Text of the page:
Historically, churches have helped the poor, downtrodden, and sick. They have created food banks to feed the hungry, hospitals for the sick, or shelters to house the poor.  These works have long been accepted forms of faith-based charity.  But in the 21st century, as social issues grow more complex, churches that view their social role only in terms of food, clothing, and shelter – or do not see themselves involved in society at all – would miss an important opportunity to leverage their position as a beacon of light in their communities to improve the lives of their congregants and communities.

Wherever injustice exists, faith leaders have an opportunity to take a stand. Like King, ministers can do just as much, if not more, if they move beyond the pulpit and hit the pavement to bring about social change. If they move beyond lip service towards life service.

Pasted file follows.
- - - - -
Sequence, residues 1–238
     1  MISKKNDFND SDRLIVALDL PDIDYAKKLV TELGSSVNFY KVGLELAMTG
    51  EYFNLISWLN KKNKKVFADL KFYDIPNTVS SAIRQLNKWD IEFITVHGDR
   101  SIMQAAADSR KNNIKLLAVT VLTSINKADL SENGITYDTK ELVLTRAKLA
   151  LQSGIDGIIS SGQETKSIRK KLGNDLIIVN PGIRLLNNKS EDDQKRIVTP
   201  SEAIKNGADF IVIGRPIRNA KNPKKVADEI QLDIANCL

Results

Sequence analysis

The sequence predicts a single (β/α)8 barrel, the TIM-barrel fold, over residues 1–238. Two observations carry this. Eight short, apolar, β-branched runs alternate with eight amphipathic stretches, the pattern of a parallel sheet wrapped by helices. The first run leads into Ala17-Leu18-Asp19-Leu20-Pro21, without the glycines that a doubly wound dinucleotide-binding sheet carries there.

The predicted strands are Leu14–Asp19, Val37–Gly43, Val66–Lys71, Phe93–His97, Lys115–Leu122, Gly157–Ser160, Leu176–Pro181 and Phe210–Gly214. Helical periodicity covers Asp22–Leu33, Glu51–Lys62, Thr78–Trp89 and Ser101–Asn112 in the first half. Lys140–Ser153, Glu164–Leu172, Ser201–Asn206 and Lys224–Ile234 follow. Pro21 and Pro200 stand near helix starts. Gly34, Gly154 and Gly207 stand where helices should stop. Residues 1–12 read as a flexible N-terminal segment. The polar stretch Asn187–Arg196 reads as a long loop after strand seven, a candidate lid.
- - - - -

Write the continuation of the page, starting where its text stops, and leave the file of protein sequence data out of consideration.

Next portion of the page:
Activism in Education

As this week, January 21-27, is School Choice Week, let’s consider the issue of education – which in urban areas across the U.S., has remained a core issue in the frontier for civil rights.

Much like in King’s era, neighborhoods that are largely populated by African Americans and other racial minorities, have a larger concentration of failing schools. Failing schools means the students attending those schools will be unprepared for life and the workforce. They will lack the basic skills they need to become financially and professionally successful.  Just as important as feeding the hungry, or clothing the poor, is giving children access to an education from which they can find gainful employment and financial success.